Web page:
Feb. 21 (Bloomberg) -- Ukrainian bonds jumped the most since Russia’s bailout pledge two months ago as President Viktor Yanukovych and opposition leaders agreed on early presidential elections and lawmakers changed the constitution.
The yield on government bonds maturing in April 2023 dropped 90 basis points, the biggest retreat since Dec. 17, to 10.2 percent by 6:23 p.m. in Kiev. The equities index jumped 3.2 percent, taking its two-day gain to 7.2 percent. Currencies across developing Europe rallied, reversing losses after deadly clashes in Ukraine this week sparked a rout in regional assets.
The European Union-brokered peace deal between the government and opposition envisages snap presidential elections by December and a national unity government within 10 days. Lawmakers backed a return to the 2004 constitution, a step that would curb Yanukovych’s powers. The accord “offers a real chance to end the bloodshed,” U.K. Prime Minister David Cameron said. At least 77 protestors and police were killed this week, the most since the standoff began in November.
The deal “offers hope that further violence may be avoided,” Alina Slyusarchuk, a London-based economist at Morgan Stanley, wrote in an e-mailed report. A “sharp” depreciation in the currency, pressure on bank deposits and restructuring of external debt are among the risks that remain unless the accord is followed by “prompt implementation of a consistent policy,” according to Morgan Stanley.
The hryvnia has plunged almost 8 percent versus the dollar this year, data compiled by Bloomberg show, as the central bank scaled back its support. Policy makers may be wasting foreign reserves to defend the currency as “there will be depreciation anyway,” Russian Finance Minister Anton Siluanov said in an interview in Hong Kong today.
Ukraine’s political crisis has raised “many questions” about its ability to repay debt, pushing Russia to suspend a bailout and threatening the central bank’s ability to defend the currency, Siluanov said.
OAO Sberbank, Russia’s largest bank, halted retail lending in Ukraine, as the lender witnessed a run on its automated teller machines in the protest-hit nation, Herman Gref, the chief executive officer, told reporters in Moscow today.
The pact between Ukraine’s government and protestors was brokered in all-night talks in Kiev with three EU foreign ministers. Speaking by phone, Oleksiy Haran, a member of the demonstrators’ Maidan Council, emphasized the constitutional change and new government as “the key victory.” Lawmakers also voted to free jailed ex-Prime Minister Yulia Tymoshenko. Even so, opposition leader Arseniy Yatsenyuk, who heads the former premier’s party, pointed to further tensions.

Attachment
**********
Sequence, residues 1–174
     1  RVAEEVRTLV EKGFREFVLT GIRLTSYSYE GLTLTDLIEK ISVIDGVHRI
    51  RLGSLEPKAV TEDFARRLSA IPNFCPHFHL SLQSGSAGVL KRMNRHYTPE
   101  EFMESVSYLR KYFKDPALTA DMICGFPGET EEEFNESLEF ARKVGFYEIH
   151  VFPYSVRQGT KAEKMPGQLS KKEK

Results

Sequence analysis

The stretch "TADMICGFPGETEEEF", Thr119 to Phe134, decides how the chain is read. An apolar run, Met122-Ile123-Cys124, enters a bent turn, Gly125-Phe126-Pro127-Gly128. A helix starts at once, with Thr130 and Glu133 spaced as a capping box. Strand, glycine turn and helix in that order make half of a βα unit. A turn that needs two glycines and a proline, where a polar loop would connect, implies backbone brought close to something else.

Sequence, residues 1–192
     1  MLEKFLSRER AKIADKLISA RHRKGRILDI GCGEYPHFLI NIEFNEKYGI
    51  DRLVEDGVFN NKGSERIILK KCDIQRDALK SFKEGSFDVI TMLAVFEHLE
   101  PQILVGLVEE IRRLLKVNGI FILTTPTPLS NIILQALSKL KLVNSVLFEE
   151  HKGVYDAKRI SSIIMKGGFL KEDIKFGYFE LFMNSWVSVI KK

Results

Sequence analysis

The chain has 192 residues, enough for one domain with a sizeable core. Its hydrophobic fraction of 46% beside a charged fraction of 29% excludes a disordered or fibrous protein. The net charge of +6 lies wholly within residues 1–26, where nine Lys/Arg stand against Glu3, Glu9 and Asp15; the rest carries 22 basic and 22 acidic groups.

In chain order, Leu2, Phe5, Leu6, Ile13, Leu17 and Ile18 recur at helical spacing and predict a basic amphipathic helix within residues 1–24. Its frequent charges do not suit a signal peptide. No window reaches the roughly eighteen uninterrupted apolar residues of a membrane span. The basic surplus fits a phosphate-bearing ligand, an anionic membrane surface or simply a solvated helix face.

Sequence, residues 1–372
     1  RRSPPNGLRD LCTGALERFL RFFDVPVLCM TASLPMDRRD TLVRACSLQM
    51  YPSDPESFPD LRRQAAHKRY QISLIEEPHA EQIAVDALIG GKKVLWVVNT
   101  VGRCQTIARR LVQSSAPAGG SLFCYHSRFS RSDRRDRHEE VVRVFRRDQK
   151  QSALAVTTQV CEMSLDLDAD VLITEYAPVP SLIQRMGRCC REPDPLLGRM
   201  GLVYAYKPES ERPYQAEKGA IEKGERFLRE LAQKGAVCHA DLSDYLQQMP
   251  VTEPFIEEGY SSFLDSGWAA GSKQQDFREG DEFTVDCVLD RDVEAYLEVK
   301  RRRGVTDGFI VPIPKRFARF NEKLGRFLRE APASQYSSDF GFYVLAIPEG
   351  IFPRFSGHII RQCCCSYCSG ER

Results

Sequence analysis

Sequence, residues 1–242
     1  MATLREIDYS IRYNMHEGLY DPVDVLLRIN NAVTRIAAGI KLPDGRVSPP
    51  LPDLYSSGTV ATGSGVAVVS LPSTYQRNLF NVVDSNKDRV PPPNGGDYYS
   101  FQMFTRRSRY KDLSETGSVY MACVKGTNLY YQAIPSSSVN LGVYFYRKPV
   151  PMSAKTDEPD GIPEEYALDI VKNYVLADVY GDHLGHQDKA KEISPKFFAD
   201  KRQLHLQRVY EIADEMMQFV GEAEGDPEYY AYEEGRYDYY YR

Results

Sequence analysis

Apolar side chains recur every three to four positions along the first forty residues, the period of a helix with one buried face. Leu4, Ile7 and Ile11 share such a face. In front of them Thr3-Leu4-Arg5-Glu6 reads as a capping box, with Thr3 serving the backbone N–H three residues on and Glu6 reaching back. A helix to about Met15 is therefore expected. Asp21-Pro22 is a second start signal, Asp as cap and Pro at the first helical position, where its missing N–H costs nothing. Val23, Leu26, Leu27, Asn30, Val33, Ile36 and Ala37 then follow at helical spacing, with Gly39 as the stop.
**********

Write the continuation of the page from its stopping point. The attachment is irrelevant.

Protesters will remain at the Independence Square camp they built in November, according to Yatsenyuk, who said Yanukovych would be given no assurances on his fate. The nationalist Pravy Sektor movement pledged to continue “national revolution” as the peace deal falls short of demands to remove Yanukovych’s regime, according to a statement on social website Vkontakte.
Standard & Poor’s cut Ukraine’s credit rating to CCC, eight levels below investment grade, saying the country risks default without “significantly favorable changes.” Ukraine, which is grappling with a record current-account deficit, has seen its foreign reserves plunge 28 percent in the past year to $17.8 billion at the end of January, the lowest level since 2006.
The country has $17 billion of liabilities coming due, excluding interest, through the end of 2015, including the $1 billion due in June this year, data compiled by Bloomberg show. The price on notes maturing in four months climbed to 95.63 cents on the dollar from 93.13 cents yesterday.
Hungary’s forint strengthened 0.4 percent against the euro. Russia’s ruble, which dropped to a record on Feb. 19, climbed 0.5 percent against the central bank’s target dual-currency basket, while Turkey’s lira jumped 0.8 percent versus the dollar to erase a weekly loss.
“We now believe it is likely that Ukraine will default in the absence of significantly favorable changes in circumstances, which we do not anticipate,” S&P analysts said in a statement today. “The Russian government’s support for Ukraine is tied to the current leadership and its political orientation away from the EU and toward Russia.”
In almost half the instances, yields on government bonds fall when a rating action by Moody’s Investors Service and S&P suggests they should climb, according to data compiled by Bloomberg on 314 upgrades, downgrades and outlook changes going back as far as the 1970s. When S&P downgraded the U.S. government in August 2011, bonds rose and pushed Treasury yields to record lows.
The standoff in Ukraine started in November when the president backed out of a free trade deal with the EU, opting instead for closer ties with Russia, which pledged $15 billion of loans and cheaper natural gas in a bailout the following month.
Russia’s sovereign wealth fund invested the first $3 billion of the bailout in Ukrainian two-year notes in December. Ukraine scrapped a planned $2 billion bond sale this week, according to a statement Feb. 20 to the Irish Stock Exchange, where the notes used in the bailout program are listed.
The hryvnia may weaken to 10 per dollar next year with a risk of a “significant” overshoot in the coming months, Anna Zadornova, a London-based economist at UBS AG, wrote in an e-mailed report today. “The longer the political turmoil persists, the higher the risk that the worst-case scenario of a full-blown balance of payments and sovereign debt crisis materializes.”
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